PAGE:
Hagoromo Legend from Jikkoku (Ibaraki)

One summer, on a very hot day, a child could be heard crying in the bamboo grove of a wealthy person’s house in Jikkoku.

The old man who lived in the house went toward the voice and found a little girl crying sadly. She was wearing a white robe and was a cute girl of maybe 7 or 8.

The old man thought the girl’s clothes seemed Korean and wondered if she had come from the Korean peninsula. But he was too surprised to think clearly and spoke to her in Japanese, “What happened? Where did you come from?”

The girl replied sadly, “I am a tennyo. I was playing happily in the rivers in the sky when the current suddenly swept me away. I was frightened and grabbed on to some bamboo. When I looked around, I had landed in this bamboo grove. But I am tired and cannot return to heaven.”

The old man felt sorry for the child and brought her to his house. He said kindly, “You must be tired. You can rest a while in my house.”

The girl was loved by the old man and his wife and she stayed for some time at their home.

As she got older, she grew fair and beautiful. She received many marriage proposals from the nearby villagers. But she refused them all.

One night, she said to the old man, “I am going to return to heaven to see my mother and father.” And she began to climb towards heaven in a dance. It was as beautiful as watching a white bird dance.

The old man and his wife said, “We do not believe you will come back to us.” and were very sad.
But, three nights later, the tennyo returned.

The old man and his wife were very happy and loved the tennyo even more than before.

One day the tennyo said, “I will go bathe in the water of Kasumigaura,” and left. The water of Kasumigaura was as beautiful as the rivers in heaven and the tennyo bathed happily.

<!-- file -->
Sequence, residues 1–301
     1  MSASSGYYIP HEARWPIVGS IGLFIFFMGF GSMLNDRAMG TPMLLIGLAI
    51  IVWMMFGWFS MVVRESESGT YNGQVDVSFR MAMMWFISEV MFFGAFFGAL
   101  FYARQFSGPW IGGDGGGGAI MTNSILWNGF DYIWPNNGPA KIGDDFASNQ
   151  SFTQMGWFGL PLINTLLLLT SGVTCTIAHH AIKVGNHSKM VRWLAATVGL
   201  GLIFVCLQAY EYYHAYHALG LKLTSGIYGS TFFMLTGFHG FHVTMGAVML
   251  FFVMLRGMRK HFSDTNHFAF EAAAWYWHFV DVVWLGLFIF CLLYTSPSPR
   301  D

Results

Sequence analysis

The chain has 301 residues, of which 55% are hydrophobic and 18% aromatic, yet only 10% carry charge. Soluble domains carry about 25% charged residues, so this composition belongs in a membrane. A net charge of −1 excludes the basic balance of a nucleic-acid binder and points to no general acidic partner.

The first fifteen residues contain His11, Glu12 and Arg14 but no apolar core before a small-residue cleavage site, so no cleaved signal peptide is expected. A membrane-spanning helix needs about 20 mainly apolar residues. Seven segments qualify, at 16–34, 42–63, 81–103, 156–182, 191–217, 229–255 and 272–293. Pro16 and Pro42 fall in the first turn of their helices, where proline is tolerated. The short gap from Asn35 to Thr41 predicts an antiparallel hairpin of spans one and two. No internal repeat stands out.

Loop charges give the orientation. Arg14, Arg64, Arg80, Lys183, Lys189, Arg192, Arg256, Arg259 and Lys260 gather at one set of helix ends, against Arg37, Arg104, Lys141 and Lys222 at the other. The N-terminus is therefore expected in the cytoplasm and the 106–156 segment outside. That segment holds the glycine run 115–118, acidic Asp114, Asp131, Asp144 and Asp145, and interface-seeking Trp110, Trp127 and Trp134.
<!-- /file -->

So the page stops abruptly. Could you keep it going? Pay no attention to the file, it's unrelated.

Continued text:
But when she decided to go home, she noticed the hagoromo (feathered robe) she had left on a pine tree was missing. A nearby fisherman was planning to take it home.

The tennyo said, “That is my hagoromo. Please give it back.”

The fisherman gazed at the tennyo and said, “You are very beautiful. I would like to see you in this hagoromo.” And gave it back to her.

The tennyo bowed politely in thanks. She put on her hagoromo and waved at the fisherman as she flew away.

She told the old man about what had happened. The old man said, “From now on, you are not to go bathing alone.” And she was not able to leave the house as often.

At night she flew in the sky, but by day she lived in the house. One night, the tennyo said to the old man and his wife, “You have taken care of me a long time. I will never forget my debt to you. I have decided to return to the moon. I will leave you a painting as my thanks. Please accept it and think of me when you look at it. When the moon is full, I would like to watch you both from heaven.”

She gave them a painting of the moon and clouds and flew high up into the sky.

The old man and his wife held the painting tightly and waved goodbye to the tennyo. They stood gazing up at the sky long after she had disappeared.

After that, there were stories of a tennyo who came to Kasumigaura to bathe. The people of Shizuoka heard these stories, and learned that the tennyo likes to hang her hagoromo on pine trees. So they took many pine trees to Miho. It is said that the pines in the Miho pine grove were originally from Ami in Ibaraki.

The old man and his wife kept the painting of the clouds and the moon as a treasure and it remains as their family crest.

—–

This story was translated from a website of folktales from Ami in Ibaraki Prefecture.

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